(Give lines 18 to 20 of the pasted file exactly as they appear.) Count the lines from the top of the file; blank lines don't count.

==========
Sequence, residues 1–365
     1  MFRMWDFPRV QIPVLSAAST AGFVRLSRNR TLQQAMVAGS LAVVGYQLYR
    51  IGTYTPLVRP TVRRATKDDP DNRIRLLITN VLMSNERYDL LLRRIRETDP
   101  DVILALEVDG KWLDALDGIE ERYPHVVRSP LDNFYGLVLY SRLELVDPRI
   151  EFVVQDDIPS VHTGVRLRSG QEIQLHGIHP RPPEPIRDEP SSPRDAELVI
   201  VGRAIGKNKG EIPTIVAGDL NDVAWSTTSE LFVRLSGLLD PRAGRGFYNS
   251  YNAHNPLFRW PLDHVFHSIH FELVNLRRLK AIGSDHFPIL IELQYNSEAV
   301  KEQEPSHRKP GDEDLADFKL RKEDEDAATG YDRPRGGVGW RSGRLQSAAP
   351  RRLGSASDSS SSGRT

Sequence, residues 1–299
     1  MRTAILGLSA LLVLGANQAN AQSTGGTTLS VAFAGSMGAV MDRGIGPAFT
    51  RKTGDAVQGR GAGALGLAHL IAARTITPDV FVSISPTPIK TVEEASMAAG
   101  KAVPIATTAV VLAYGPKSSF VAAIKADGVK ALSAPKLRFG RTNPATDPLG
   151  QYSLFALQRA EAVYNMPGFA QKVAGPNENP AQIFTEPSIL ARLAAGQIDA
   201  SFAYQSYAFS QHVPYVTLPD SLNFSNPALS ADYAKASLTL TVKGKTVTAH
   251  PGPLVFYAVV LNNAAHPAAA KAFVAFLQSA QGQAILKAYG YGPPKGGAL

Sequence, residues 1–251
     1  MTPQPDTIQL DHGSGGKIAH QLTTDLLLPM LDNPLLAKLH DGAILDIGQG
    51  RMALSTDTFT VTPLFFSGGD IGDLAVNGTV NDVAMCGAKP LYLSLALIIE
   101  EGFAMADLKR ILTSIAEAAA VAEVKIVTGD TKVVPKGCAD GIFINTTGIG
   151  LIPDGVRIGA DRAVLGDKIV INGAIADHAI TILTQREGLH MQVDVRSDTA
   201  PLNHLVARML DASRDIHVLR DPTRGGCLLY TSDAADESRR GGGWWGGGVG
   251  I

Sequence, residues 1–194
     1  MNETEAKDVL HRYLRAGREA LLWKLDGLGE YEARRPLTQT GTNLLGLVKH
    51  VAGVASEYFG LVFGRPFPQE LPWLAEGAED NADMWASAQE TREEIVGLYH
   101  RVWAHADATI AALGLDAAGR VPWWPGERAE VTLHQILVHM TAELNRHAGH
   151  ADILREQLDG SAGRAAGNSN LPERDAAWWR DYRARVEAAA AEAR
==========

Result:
     1  MTPQPDTIQL DHGSGGKIAH QLTTDLLLPM LDNPLLAKLH DGAILDIGQG
    51  RMALSTDTFT VTPLFFSGGD IGDLAVNGTV NDVAMCGAKP LYLSLALIIE
   101  EGFAMADLKR ILTSIAEAAA VAEVKIVTGD TKVVPKGCAD GIFINTTGIG